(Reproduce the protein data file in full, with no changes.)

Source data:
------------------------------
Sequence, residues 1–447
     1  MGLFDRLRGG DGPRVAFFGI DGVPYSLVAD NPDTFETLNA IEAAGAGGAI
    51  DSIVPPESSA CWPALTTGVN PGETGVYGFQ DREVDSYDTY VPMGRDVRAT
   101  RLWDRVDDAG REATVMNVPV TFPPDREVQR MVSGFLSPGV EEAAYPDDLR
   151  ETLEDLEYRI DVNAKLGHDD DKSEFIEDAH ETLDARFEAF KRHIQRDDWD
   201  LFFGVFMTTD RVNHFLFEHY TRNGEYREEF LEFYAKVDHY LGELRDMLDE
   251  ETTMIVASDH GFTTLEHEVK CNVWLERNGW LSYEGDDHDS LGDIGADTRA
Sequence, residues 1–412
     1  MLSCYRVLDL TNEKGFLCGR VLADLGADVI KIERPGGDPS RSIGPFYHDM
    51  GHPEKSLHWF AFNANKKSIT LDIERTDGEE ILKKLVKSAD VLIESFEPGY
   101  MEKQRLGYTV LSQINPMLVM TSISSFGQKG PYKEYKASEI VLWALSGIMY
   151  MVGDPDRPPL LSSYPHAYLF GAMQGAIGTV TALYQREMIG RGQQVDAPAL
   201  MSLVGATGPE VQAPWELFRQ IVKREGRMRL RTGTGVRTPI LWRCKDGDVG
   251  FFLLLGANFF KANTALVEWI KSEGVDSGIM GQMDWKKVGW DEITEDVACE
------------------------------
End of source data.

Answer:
Sequence, residues 1–447
     1  MGLFDRLRGG DGPRVAFFGI DGVPYSLVAD NPDTFETLNA IEAAGAGGAI
    51  DSIVPPESSA CWPALTTGVN PGETGVYGFQ DREVDSYDTY VPMGRDVRAT
   101  RLWDRVDDAG REATVMNVPV TFPPDREVQR MVSGFLSPGV EEAAYPDDLR
   151  ETLEDLEYRI DVNAKLGHDD DKSEFIEDAH ETLDARFEAF KRHIQRDDWD
   201  LFFGVFMTTD RVNHFLFEHY TRNGEYREEF LEFYAKVDHY LGELRDMLDE
   251  ETTMIVASDH GFTTLEHEVK CNVWLERNGW LSYEGDDHDS LGDIGADTRA
Sequence, residues 1–412
     1  MLSCYRVLDL TNEKGFLCGR VLADLGADVI KIERPGGDPS RSIGPFYHDM
    51  GHPEKSLHWF AFNANKKSIT LDIERTDGEE ILKKLVKSAD VLIESFEPGY
   101  MEKQRLGYTV LSQINPMLVM TSISSFGQKG PYKEYKASEI VLWALSGIMY
   151  MVGDPDRPPL LSSYPHAYLF GAMQGAIGTV TALYQREMIG RGQQVDAPAL
   201  MSLVGATGPE VQAPWELFRQ IVKREGRMRL RTGTGVRTPI LWRCKDGDVG
   251  FFLLLGANFF KANTALVEWI KSEGVDSGIM GQMDWKKVGW DEITEDVACE